Consider a Donation

Since being founded in 1994, the East Texas Woods and Waters Foundation has supported numerous projects throughout the East Texas Region that promote the sustainable use and conservation of our local woods, waters and wildlife. These projects have been supported via grants that total in excess of $2.0 million. A few of the Projects We Support may be found on the menu bar tab of the same name. 

None of our successes would be possible without you!  In addition to accepting donations, our Annual Membership Banquet provides an opportunity to gather for an evening highlighting the projects completed throughout the previous year.  Members are always excited to bid on a variety of hunting and fishing trips and associated paraphernalia during both Live and Silent Auctions.

Be certain to subscribe to our blog to receive additional information about these great fundraisers.

In the meantime, if you would like to help us further our efforts, won’t you please consider making a monetary contribution by clicking on the DONATE NOW button found on the home page of this site?  100% of your contribution will be applied to projects earmarked by the East Texas Woods & Waters Foundation.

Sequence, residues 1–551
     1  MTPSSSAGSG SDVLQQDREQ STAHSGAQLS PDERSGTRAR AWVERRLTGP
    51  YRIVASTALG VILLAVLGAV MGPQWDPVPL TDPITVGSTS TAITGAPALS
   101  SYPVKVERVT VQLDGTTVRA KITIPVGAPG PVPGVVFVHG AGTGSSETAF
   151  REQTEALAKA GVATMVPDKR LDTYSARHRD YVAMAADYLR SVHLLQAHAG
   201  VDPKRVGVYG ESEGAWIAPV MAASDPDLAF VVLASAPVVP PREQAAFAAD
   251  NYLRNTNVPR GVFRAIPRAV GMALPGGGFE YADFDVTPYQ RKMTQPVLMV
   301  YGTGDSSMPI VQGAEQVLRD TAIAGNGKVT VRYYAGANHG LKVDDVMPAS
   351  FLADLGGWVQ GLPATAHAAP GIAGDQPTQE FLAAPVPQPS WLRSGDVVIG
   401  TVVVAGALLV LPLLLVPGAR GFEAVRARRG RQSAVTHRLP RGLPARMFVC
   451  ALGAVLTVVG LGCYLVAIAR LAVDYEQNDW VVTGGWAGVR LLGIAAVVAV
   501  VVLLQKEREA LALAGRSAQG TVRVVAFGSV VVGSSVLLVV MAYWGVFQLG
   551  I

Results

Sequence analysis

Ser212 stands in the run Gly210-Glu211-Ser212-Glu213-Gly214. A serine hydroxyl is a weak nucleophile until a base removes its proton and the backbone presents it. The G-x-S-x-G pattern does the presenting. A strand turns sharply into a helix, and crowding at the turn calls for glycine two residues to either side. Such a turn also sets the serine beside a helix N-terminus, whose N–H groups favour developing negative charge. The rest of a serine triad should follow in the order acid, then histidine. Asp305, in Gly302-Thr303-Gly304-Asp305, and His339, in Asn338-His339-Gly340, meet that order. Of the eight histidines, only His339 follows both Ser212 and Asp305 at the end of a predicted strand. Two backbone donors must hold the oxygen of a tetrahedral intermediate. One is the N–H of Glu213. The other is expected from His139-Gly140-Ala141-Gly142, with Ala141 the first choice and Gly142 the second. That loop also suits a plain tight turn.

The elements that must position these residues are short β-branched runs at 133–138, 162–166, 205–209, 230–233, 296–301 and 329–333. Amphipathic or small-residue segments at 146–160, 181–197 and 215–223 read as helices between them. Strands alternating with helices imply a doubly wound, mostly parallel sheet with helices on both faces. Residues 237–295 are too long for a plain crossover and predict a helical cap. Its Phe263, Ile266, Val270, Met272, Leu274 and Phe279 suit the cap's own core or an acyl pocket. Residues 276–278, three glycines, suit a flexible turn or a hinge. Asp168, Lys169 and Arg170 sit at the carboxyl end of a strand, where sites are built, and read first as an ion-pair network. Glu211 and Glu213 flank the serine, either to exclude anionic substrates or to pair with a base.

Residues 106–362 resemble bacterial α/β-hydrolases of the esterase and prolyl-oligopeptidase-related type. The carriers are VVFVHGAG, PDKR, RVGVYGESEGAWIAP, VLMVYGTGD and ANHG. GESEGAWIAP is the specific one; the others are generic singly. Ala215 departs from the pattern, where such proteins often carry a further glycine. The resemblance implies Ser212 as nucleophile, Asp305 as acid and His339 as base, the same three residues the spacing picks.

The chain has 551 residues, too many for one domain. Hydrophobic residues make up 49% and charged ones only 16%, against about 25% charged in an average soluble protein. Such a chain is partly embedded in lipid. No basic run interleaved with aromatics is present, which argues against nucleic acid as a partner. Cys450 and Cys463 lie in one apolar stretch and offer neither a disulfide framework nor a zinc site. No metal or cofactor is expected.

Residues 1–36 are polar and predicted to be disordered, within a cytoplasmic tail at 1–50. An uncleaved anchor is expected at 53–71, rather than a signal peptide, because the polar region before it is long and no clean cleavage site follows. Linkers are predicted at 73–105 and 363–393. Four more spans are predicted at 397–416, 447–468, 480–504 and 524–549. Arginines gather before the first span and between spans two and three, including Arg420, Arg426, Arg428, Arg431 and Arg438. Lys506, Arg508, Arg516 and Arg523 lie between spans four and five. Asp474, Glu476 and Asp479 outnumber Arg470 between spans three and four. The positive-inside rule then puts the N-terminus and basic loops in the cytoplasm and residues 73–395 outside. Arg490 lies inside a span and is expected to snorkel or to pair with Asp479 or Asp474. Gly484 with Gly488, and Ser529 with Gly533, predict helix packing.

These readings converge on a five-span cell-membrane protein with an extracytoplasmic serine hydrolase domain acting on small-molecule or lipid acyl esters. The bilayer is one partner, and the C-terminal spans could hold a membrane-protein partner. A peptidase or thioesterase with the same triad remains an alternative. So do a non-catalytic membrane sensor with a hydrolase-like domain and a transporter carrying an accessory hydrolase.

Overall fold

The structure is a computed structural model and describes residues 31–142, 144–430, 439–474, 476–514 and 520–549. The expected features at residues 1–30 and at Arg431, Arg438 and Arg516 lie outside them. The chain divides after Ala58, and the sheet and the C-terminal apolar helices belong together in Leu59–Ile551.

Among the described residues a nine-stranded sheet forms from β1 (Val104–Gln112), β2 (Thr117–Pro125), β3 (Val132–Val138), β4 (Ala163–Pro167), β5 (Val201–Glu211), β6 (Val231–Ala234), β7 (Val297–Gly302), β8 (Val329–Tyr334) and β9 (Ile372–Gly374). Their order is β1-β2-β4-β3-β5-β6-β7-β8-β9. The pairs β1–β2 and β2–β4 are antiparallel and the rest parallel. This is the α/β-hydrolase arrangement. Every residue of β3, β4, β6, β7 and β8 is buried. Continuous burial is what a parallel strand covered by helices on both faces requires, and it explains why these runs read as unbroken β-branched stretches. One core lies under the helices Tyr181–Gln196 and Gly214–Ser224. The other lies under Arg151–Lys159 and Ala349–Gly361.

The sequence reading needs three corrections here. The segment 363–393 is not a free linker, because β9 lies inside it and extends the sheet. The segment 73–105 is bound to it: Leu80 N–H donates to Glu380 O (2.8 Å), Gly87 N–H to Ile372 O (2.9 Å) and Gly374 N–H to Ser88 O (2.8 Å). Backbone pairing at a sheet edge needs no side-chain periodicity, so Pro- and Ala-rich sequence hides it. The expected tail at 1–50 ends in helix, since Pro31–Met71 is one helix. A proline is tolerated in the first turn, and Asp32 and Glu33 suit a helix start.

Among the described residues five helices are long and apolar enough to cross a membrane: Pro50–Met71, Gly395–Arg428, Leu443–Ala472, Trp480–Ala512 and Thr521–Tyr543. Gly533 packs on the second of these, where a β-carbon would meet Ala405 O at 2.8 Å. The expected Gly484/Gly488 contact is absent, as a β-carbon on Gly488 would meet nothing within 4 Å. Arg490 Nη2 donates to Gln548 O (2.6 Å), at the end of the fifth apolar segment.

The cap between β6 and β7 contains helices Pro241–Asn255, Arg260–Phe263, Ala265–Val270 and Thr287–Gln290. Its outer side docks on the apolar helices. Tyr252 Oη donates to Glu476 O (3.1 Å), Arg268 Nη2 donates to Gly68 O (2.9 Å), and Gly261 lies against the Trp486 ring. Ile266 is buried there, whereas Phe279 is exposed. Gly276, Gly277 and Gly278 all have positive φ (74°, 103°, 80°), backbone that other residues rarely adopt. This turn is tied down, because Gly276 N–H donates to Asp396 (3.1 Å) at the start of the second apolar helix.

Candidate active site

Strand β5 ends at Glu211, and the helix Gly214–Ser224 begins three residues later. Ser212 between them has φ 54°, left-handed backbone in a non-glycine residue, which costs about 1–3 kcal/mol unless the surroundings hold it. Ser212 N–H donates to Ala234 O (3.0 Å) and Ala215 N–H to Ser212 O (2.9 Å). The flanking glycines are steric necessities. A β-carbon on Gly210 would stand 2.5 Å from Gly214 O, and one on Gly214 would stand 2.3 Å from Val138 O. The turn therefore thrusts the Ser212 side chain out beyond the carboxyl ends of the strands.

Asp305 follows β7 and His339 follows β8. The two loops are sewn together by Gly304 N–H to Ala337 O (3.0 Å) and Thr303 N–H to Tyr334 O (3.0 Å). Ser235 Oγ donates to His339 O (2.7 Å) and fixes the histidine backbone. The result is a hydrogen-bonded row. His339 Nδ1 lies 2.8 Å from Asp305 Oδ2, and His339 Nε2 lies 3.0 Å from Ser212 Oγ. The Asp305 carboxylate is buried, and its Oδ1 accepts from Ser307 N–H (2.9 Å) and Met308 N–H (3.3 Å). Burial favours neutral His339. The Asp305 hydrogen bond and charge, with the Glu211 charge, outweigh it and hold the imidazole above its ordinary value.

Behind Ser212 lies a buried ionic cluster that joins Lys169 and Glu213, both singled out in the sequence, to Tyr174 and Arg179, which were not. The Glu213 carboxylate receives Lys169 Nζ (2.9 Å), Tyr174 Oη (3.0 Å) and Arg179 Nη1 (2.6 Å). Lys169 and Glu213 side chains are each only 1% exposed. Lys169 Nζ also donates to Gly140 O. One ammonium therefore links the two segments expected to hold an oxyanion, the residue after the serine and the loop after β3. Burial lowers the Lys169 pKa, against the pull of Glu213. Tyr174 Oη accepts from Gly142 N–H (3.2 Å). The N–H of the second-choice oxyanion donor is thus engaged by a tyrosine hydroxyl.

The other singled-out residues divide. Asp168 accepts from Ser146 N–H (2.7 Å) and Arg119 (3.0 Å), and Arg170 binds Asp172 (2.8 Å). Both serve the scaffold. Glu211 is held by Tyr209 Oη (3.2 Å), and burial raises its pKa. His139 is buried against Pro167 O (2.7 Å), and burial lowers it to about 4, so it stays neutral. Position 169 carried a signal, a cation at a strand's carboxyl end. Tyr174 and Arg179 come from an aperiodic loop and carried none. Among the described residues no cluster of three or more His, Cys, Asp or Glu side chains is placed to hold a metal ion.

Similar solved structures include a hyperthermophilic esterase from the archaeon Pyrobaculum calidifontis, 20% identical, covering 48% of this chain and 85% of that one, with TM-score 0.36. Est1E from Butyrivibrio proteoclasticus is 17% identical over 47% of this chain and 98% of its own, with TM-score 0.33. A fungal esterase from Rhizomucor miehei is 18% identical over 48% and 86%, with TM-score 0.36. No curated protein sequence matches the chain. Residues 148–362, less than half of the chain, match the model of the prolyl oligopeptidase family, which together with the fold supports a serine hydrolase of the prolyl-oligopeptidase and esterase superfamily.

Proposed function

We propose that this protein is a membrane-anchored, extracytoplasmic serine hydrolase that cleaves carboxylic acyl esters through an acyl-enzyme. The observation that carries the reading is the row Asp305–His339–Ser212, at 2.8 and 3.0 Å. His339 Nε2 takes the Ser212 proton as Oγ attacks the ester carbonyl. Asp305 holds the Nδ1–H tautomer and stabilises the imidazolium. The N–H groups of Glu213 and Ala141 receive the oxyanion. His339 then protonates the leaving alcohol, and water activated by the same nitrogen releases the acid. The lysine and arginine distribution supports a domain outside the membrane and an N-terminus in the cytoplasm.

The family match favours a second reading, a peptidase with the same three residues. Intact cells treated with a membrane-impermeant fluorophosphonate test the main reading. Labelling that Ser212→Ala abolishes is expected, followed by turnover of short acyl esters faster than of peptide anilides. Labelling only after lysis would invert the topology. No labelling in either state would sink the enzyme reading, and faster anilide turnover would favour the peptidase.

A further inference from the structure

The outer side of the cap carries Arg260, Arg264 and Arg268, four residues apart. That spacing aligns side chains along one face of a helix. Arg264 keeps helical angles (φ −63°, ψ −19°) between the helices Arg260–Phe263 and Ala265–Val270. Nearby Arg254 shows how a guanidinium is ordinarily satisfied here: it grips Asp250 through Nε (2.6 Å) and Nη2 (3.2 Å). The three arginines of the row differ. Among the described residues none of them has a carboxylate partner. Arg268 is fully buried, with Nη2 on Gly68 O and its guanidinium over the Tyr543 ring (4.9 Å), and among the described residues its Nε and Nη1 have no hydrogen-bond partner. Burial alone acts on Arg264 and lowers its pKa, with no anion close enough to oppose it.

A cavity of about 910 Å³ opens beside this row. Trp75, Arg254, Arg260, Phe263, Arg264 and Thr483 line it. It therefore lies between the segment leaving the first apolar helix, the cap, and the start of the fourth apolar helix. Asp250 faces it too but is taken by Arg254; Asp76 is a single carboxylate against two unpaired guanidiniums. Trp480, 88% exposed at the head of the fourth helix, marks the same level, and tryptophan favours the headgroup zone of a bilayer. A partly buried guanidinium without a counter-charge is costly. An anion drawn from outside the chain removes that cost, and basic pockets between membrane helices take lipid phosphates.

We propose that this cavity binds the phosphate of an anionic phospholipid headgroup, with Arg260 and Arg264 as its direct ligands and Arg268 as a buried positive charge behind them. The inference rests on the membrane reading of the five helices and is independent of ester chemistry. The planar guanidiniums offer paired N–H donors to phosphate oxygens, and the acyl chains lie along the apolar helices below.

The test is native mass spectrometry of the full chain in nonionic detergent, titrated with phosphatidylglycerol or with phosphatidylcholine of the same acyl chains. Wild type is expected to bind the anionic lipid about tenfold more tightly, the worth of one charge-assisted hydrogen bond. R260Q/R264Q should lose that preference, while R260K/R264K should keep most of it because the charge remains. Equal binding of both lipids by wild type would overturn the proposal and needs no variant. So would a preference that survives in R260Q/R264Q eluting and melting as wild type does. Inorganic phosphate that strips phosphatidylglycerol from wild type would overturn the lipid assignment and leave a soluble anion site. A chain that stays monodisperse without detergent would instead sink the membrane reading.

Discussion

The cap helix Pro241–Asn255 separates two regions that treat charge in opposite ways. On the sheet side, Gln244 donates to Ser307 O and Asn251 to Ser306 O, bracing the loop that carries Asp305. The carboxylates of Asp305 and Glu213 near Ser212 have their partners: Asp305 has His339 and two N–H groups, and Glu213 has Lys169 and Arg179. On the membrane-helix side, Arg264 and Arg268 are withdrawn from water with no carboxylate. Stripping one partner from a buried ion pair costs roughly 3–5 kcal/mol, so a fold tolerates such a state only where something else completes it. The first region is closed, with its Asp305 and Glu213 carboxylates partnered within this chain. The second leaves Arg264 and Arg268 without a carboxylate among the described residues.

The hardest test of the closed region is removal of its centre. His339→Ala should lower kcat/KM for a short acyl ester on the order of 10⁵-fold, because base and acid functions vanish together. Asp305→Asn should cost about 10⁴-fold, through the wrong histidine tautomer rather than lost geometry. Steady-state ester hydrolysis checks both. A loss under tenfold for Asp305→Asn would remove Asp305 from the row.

The Mineola Nature Preserve

The Mineola Nature Preserve

The Mineola Nature Preserve on the Sabine River encompasses 2,911 acres located in Wood County, and is home to many East Texas species of critters that can fly, swim, walk, crawl, or slither.

Who are we?

Who are we?

What began as a group of friends who liked to hunt and fish, in 1994 evolved into one of East Texas' most-recognized philanthropic foundations.

Consider a donation

Consider a donation

None of our successes would be possible without you! Send a one-time donation or setup recurring donation easily with PayPal

Our partners

Our partners

The East Texas Woods & Waters Foundation welcomes your support - both financial and physical - without the burden of membership. Learn more here.

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Latest Blog Post

Threatened Neches River Rose Mallow Blooming in Park 31
Jul

The Neches River rose mallow is considered one of the rarest plants in East TexasIt is a shrubby perennial that grows 3-7 feet tall. Like other Hibiscus, the Neches River ...

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